I am posting as a member of Energise Stur Valley and following on from Vince’s blog post last week ‘Don’t be led by the small minority: the Anti Wind Turbine Brigade!’ about the Silton Wind Turbine Enquiry (you can read his post on https://www.letsgetenergized.co.uk/archives/2012/09/25/silton-enquiry).

Energise Stur Valley (EVS) is a group of individuals favouring renewable energy generation installations. We believe we represent the majority of opinion in Dorset (as evidenced in all Dorset Citizen Panel questionnaire results that related to wind turbines).

Here are some key points about Wind Turbines that we want to highlight (some of which expand on Vince’s points already posted):

1. There is obviously polarisation of opinion about wind turbines in Dorset. Those with a history of activity in the local rural economy – sometimes going back generations – tend to understand the landscape as an active part of Dorset’s economy. Those with more recent interest in the Dorset landscape tend to have moved into the area to escape more densely populated areas of the country looking for their idealised rural idle. They are less likely to be working and are time rich.

2. The representations against the application are motivated by concerns about visual impact, which is inevitably a big issue for those living closest to the proposed turbines but it must be remembered that they are definitely a minority within the district and – we would argue – even within the locality of the proposed wind turbines. The majority in favour of the application tend to be less motivated to voice their opinion and in some cases feel bullied to remain silent such is the robustness by which every positive comment is countered.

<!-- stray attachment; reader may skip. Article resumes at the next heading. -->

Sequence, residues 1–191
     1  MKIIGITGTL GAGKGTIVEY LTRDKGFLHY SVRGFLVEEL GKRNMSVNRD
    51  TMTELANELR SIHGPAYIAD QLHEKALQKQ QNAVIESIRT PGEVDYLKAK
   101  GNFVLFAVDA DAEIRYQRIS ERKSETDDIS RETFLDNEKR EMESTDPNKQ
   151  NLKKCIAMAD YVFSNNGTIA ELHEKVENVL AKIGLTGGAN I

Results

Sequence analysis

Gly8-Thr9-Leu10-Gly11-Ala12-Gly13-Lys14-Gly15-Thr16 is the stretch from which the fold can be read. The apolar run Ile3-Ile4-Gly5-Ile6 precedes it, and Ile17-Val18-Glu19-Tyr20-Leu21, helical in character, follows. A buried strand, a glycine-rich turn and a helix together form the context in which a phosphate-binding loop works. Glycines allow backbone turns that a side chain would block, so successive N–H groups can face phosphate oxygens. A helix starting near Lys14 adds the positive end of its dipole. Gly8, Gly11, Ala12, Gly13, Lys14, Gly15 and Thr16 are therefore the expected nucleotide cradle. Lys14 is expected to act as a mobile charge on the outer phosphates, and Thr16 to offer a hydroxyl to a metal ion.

3. There is much misinformation being repeated by objectors to the application and reported in the local media. Statements made about the proposed turbines being inefficient, Ecotricity being financially unstable, the concrete to be used affecting the water table and emitting more CO2 than the turbines save are not correct. A more dispassionate analysis is required for this application.

4. With 4000 turbine now installed it is possible for wind generation to stand out from the statistical noise. Hard data available now shows the skeptics to be wrong. A new wind generation record of 4,131 megawatts (10.6% of UK consumption) was set on 14th September 2012. The average for September has been 6% of daily national electricity requirement. National Grid data analysis over the last three months shows a clear correlation between windiness, reduction in gas fired generation and actual CO2 savings.

5. Even with 4 times the current number of wind turbines expected by 2020, National Grid have stated they will be able to handle the new generation without major additional investment in dirty open cycle gas back-up. Responding to sudden surges in demand for electricity during the X Factor ad breaks is more difficult to deal with than the intermittency of wind.

6. All surrounding counties (Devon, Cornwall, Somerset and Wiltshire have multi MW turbines either already installed or with positive planning determinations.

7. The substantial wind resource in Dorset is not being utilised as described in the Dorset Renewable Energy Strategy.

8. Data from the CECC wind speed database shows the site to have viable wind speeds. Electrical loses through the grid will be low due to the close proximity of Gillingham which provides constant electrical demand.

9. There are no wind turbines larger than 20 kW currently installed in Dorset.

10. We want to see large wind turbines in Dorset. Their elegance, beauty and positive aesthetic are matched only by a building such as Salisbury Cathedral.